I doubt anyone could have foreseen a time when singing with your peers at school was discouraged on a global scale. In fact, I doubt that anyone could have predicted modern day events at all. Nevertheless, these are the times we live in. Schools reopening and shutting down, stores closing left and right, millions of COVID-19 cases and deaths, at this point, the world exploding would not be too far off. But, these uncertain times help to highlight all that we take for granted in life—in the worst way possible. While gaining a deeper insight into life is great, having that discovery be at the expense of life puts a damper on the feeling. But discoveries are often had whether one wishes for it or not. In the case of the modern world, this pandemic has really proven the saying “you don’t know what you have until it’s gone”. And this applies to many things; both big and small. For me, one of these ‘small things’ is my choir class.
Due to the current pandemic and the subsequent safety precautions, singing in a choir on the Orange Lutheran campus is prohibited. As a member of the Honors Women’s Chorus, these restrictions have affected me personally. For starters, the entire way that the class functions has been altered out of necessity. It consists of humming along to sheet music, practicing sight reading, and desperately trying to memorize songs that we cannot sing along to. In previous years, Honors Women’s Chorus could have had three to five songs already perfected in the time it took us to learn one song and a medley. And that is unfortunately not all. As classes are remote half of the time, the only instances where we can sing are when we are muted on zoom. This means that you cannot hear anyone else who is singing the same part as you, and it makes it much more difficult to know if you are correct. While this is definitely not ideal, it is the best that can be done under the circumstances.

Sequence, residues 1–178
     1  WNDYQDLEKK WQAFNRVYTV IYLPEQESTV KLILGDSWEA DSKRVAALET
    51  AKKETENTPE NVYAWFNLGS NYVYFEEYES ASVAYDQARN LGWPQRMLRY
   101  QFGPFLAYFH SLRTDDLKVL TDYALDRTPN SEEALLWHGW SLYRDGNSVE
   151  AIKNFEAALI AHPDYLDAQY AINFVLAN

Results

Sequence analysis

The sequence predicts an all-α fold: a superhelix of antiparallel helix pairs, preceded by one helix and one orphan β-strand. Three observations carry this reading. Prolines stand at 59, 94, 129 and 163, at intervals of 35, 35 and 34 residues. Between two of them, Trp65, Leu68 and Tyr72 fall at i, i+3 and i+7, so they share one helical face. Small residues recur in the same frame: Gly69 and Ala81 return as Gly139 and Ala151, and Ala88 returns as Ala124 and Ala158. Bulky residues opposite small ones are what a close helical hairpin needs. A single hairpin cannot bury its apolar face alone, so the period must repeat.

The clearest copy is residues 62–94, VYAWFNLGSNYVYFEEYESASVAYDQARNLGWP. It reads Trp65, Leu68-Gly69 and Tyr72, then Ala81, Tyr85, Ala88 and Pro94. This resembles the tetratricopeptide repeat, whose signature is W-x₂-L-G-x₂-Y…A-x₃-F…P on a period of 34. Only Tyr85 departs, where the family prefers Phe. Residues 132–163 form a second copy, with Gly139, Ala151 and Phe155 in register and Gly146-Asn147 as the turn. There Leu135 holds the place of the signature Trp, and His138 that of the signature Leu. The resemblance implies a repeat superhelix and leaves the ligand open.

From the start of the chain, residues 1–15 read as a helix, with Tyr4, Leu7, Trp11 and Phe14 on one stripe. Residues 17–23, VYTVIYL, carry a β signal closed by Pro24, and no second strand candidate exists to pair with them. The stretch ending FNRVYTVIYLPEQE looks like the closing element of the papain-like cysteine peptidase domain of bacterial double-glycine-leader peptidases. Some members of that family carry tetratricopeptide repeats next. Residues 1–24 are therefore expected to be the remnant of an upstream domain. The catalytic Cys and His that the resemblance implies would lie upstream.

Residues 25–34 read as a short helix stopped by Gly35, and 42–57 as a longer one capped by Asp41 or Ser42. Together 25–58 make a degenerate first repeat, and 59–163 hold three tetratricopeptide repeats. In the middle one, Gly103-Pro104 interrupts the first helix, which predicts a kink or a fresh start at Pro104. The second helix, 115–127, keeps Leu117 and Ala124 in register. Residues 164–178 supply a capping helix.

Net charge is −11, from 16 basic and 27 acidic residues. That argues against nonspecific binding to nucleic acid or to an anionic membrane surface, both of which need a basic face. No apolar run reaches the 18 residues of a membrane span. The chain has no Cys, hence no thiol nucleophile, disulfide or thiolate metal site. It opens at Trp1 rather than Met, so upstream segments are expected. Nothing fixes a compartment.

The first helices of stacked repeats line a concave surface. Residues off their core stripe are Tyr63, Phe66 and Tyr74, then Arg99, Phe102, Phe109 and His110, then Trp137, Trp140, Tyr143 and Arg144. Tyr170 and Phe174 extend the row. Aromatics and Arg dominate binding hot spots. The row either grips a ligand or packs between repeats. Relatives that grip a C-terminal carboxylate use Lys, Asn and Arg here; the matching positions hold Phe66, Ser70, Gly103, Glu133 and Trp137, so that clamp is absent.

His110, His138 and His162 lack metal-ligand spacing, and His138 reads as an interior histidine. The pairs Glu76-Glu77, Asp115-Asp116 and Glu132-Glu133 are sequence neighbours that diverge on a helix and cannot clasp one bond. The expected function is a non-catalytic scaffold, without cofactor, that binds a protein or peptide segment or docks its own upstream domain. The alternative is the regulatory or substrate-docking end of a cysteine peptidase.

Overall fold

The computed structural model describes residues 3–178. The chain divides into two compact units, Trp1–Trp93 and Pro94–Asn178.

There have, however, been times where we could sing together. For my choir, we were allowed to record some of our songs together. In the first instance, it was done in the Nechita center, one at a time. We were also wearing masks while singing. The second instance which was the most recent was done outside, socially distanced, with masks as well. For the times that we have not sung together, we have done virtual concerts. These consist of each singer recording themself singing alone at home. While these are definitely a step up from no concerts whatsoever, the individualistic aspect again makes it quite difficult, as with singing over zoom. Since the uncertainty of the current world pervades into even the obscurest of places, no one knows whether we will be able to do any in person concerts this year in the manner that we have done them in the past. So for the time being, Honors Women’s Chorus (and I’m sure the rest of the choirs) are planning on doing several more virtual concerts.
Ultimately, 2020 has not been the most conducive year for singing. Yet I am grateful for what the Orange Lutheran choirs have the ability to do. While not perfect, the performances and classes done this year show a determination to keep creating art in the form of music, that I now have a renewed appreciation of. And, if it keeps people safe, I will gladly abstain from singing in a choir for as long as necessary.
Photo Credit: olusingers